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Book Review – Mining in Zimbabwe: From the 6th to the 21st Centuries

Peter McCarthy HonFAusIMM(CP) Director, AMC Consultants
· 600 words, 2 min read

Edited by Martin Prendergast and John Hollaway, published by The Chamber of Mines of Zimbabwe, 2019.

This book is a welcome source of information, as the only previous histories of mining in Zimbabwe were a Commonwealth Mining Congress paper (1961) and a PhD thesis (Phimister, 1975).

Book review cover for article.jpgZimbabwe once had a large and diverse mining industry, which unfortunately succumbed to political mismanagement. Mines for gold, base metals, asbestos, chrome and iron ore have now been largely replaced by a more restricted industry focused on a few, large, underground platinum mines. The robust geological base will one day support a resurgence of the mining industry, and this publication will be an invaluable resource for those considering exploration and investment.

Nineteen chapters by individual authors cover topics including geology, government, pre-colonial mining, commodity-specific histories, and the country’s mining economy. A postscript covers the years 2017-2018 to bring the narrative up to date at the time of publication. Within each chapter, descriptions and histories of individual mines include details of processing and mining methods. Each chapter is supported by comprehensive references. The book is profusely illustrated in colour with photographs, maps and diagrams, is well written and easy to follow. A seven-page timeline provides a comprehensive summary of history from the sixth century AD onward.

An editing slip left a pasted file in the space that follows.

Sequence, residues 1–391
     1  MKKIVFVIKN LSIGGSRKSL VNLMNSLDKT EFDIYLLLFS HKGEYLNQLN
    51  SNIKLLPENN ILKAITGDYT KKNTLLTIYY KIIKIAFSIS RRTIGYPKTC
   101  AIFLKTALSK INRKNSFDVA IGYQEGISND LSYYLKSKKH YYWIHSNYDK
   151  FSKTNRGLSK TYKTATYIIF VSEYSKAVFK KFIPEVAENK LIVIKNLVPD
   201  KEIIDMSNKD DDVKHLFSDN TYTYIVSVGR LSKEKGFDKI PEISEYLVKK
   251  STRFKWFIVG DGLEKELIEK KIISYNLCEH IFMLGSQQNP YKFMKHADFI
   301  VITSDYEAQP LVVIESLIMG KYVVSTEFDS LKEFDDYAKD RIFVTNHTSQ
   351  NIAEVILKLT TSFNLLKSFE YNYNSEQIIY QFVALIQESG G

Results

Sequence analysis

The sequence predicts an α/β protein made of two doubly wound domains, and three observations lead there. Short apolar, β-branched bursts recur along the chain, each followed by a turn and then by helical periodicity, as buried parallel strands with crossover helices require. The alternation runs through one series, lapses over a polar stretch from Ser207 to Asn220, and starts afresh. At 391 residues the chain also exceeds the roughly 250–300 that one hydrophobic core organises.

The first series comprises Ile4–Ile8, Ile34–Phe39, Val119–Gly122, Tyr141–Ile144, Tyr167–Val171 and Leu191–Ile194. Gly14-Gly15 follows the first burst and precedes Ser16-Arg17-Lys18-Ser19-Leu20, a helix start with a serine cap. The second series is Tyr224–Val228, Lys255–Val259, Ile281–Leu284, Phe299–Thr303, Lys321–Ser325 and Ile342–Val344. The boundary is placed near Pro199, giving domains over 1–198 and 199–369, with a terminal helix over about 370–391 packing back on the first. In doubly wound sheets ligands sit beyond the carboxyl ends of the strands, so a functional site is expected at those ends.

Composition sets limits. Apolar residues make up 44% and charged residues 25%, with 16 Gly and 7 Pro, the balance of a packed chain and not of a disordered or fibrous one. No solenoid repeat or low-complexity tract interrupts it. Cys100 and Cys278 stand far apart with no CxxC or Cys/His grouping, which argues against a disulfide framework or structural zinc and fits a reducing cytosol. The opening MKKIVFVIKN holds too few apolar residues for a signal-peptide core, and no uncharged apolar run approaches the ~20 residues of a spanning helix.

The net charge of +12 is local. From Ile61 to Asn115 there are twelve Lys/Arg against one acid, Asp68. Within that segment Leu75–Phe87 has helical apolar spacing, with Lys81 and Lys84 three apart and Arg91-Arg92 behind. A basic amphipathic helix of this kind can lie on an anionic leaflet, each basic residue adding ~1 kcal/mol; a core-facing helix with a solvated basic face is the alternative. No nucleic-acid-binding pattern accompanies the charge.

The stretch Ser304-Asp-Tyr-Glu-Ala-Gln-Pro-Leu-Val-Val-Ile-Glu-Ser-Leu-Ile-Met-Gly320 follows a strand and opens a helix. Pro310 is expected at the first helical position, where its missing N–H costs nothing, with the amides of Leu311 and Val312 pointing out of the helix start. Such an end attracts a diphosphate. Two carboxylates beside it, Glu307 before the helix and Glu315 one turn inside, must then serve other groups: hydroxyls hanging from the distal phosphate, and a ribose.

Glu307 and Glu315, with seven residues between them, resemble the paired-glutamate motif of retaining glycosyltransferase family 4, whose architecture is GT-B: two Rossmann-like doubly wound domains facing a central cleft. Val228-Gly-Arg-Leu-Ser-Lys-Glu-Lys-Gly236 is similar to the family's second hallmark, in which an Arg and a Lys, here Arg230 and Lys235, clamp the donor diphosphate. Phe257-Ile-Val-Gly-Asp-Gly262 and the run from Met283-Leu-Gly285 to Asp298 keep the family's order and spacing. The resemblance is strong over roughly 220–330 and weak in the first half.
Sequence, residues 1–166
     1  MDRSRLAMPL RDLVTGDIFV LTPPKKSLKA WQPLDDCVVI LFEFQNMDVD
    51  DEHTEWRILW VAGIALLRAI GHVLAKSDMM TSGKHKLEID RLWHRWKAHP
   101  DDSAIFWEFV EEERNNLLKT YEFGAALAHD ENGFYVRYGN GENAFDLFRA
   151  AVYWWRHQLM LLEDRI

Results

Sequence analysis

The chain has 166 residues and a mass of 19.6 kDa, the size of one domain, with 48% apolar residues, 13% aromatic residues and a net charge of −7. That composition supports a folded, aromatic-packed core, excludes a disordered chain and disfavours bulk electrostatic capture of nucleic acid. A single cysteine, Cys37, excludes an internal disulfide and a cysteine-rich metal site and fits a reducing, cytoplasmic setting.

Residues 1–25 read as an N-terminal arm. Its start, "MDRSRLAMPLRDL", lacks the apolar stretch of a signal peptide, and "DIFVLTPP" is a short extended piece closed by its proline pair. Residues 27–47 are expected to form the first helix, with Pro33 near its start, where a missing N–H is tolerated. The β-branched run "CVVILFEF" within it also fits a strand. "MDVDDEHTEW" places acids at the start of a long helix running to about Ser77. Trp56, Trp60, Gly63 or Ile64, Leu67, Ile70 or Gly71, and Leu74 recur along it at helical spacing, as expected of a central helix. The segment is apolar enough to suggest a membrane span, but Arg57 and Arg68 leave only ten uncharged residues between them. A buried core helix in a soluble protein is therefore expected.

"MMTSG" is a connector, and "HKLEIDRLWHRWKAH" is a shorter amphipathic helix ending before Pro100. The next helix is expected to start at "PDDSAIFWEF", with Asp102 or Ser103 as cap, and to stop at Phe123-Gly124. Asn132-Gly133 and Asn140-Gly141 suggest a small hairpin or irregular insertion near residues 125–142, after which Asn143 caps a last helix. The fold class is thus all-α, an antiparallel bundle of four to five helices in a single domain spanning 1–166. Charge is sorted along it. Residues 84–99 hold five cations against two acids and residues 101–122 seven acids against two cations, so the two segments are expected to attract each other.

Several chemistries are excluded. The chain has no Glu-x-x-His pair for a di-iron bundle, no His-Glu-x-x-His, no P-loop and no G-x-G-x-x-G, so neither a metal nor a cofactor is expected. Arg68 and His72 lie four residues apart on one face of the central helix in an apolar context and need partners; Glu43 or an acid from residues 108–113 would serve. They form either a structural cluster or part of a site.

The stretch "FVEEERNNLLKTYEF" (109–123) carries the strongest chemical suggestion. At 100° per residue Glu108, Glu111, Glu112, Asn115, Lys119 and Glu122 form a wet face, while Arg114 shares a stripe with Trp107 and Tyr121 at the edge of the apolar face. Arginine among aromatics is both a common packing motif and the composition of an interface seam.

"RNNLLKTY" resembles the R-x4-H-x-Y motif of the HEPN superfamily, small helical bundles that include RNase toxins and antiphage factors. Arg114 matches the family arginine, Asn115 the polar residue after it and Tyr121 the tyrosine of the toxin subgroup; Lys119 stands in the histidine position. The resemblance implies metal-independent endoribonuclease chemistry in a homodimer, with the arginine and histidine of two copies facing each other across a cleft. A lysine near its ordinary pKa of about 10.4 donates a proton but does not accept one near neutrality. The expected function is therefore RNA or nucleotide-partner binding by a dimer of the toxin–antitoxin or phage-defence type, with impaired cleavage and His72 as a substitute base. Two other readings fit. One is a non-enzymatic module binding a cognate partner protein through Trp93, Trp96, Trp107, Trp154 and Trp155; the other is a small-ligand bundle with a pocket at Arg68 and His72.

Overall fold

The story of mining in Zimbabwe dates to the Iron Age. The ancestors of the present-day Shona inhabitants worked many gold, iron and copper ore deposits and established lucrative trading links with Arabs and the Portuguese. The first mechanised plant was a steam-driven 5-stamp mill erected in 1892 for King Lobengula at the Salamander mine near Chegutu, but this quickly failed. Cecil Rhodes’ British South Africa Company gained mineral rights in 1888, marking the beginning of modern mining development in the country. Chapter 2 sets out a history of government activity and mineral rights legislation, with a summary of the applicable legislation at the time of publication.

Readers with an interest in gold mining history will enjoy Chapter 3, Pre-Colonial Gold. Anyone who has gazed in awe at the stone ruins of Great Zimbabwe (declared a World Heritage site by UNESCO in 1986) or wondered about its origins as a trading centre and connections with the port of Sofala will find these matters explained in detail. Mining and processing methods are set out to a standard that should satisfy any mining historian. Chapter 4 provides the same level of detail on Pre-Colonial Iron, a 1500-year-old technological tradition, while Chapter 5 covers Pre-Colonial Copper.

The subsequent commodity-specific chapters include a good historical grounding and an explanation of why developments occurred as they did, through colonial times up to the present. The only project of which this reviewer has personal knowledge was the Hartley Platinum start-up and failure in the late 1990s, and it is described fairly and adequately. The quality of technical descriptions is comparable to those in AusIMM’s Monograph 28 Australasian Mining and Metallurgical Operating Practices (2013) but given the present state of the industry are mostly more historical than current.

This book is the result of a great effort by many authors and reviewers and is a credit to The Chamber of Mines of Zimbabwe. It will appeal to anyone with a general interest in mining history or in mining on the African continent.

Those wishing to purchase this book can contact the Chamber of Mines of Zimbabwe directly via


The Mining Industry of Southern Rhodesia (Salisbury: Seventh Commonwealth Mining and Metallurgical Congress, 1961).

Phimister I R, 1975. History of Mining in Southern Rhodesia to 1953 (D. Phil. Thesis, University of Rhodesia)

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